[EM] Richard Moore's idea continued

Forest Simmons fsimmons at pcc.edu
Sat Apr 26 13:51:02 PDT 2003

On Sat, 26 Apr 2003, Forest Simmons wrote:

> In practice when the probability calculations are too long or complicated,
> the winning social ordering can be determined by Monte Carlo simulation,
> using many randomly chosen test vectors until the desired level of
> certainty about which ordering is most likely to agree with the majority
> in the long run is established, according to established principles of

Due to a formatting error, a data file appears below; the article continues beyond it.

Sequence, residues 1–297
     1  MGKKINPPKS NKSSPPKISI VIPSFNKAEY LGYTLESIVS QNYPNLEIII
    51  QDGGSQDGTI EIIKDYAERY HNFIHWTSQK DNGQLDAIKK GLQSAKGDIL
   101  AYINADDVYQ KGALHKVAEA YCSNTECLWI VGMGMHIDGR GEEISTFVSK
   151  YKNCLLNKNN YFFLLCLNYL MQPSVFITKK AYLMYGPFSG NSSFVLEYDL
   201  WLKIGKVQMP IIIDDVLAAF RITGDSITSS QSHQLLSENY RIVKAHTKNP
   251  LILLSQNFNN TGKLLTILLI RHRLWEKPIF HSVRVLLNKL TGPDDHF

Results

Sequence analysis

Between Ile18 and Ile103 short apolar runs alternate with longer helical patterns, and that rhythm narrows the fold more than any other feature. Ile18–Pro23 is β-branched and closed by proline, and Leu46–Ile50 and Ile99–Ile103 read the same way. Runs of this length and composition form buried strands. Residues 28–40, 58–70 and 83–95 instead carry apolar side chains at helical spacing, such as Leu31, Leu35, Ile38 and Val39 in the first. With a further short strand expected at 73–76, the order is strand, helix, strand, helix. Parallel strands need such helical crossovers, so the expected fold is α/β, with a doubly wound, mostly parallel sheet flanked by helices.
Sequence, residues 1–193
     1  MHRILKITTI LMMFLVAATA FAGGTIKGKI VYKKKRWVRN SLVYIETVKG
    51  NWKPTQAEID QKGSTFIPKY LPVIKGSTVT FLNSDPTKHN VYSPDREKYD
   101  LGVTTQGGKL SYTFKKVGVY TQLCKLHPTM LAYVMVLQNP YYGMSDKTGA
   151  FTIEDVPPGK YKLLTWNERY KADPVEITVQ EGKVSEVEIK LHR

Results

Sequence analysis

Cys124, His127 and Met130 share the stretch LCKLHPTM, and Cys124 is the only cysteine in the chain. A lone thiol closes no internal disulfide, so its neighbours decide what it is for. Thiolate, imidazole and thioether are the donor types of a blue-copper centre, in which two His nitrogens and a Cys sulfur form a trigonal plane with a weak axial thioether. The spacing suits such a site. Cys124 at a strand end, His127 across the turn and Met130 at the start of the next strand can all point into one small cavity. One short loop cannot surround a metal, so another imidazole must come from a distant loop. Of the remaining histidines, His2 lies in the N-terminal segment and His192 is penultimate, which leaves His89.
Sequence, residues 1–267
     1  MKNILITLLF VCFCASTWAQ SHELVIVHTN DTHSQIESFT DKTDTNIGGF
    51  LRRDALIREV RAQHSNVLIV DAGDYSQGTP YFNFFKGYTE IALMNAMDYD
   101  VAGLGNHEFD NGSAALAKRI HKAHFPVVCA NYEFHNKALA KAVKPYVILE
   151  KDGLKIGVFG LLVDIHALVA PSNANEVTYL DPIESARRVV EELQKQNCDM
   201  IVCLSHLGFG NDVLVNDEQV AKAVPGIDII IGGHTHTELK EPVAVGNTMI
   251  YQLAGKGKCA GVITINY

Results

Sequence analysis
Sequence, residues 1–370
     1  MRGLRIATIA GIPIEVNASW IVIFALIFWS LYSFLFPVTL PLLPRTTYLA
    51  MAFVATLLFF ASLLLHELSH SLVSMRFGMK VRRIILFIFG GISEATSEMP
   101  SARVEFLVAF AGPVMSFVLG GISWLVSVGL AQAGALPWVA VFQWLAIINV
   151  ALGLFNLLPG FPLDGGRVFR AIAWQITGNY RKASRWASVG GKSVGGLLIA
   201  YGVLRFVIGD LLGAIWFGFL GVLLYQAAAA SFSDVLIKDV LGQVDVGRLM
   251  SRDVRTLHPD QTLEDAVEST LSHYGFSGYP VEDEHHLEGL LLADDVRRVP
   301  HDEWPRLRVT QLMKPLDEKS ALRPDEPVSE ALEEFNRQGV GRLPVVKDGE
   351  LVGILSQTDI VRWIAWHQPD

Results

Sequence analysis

> probability and statistics.

When the number of candidates is not too large, a sufficient set of test
vectors would be the set of all differences of vectors between permutation
vectors (i.e. the vectors representing various possible rankings),
normalized to unit length.  Of course when two or more such vectors turn
out to be parallel or anti-parallel, all after the first are redundant.

In the case of three candidates, six vectors suffice, even though there
are 30 distinct non-zero vectors that are the differences of the six
permutation vectors.


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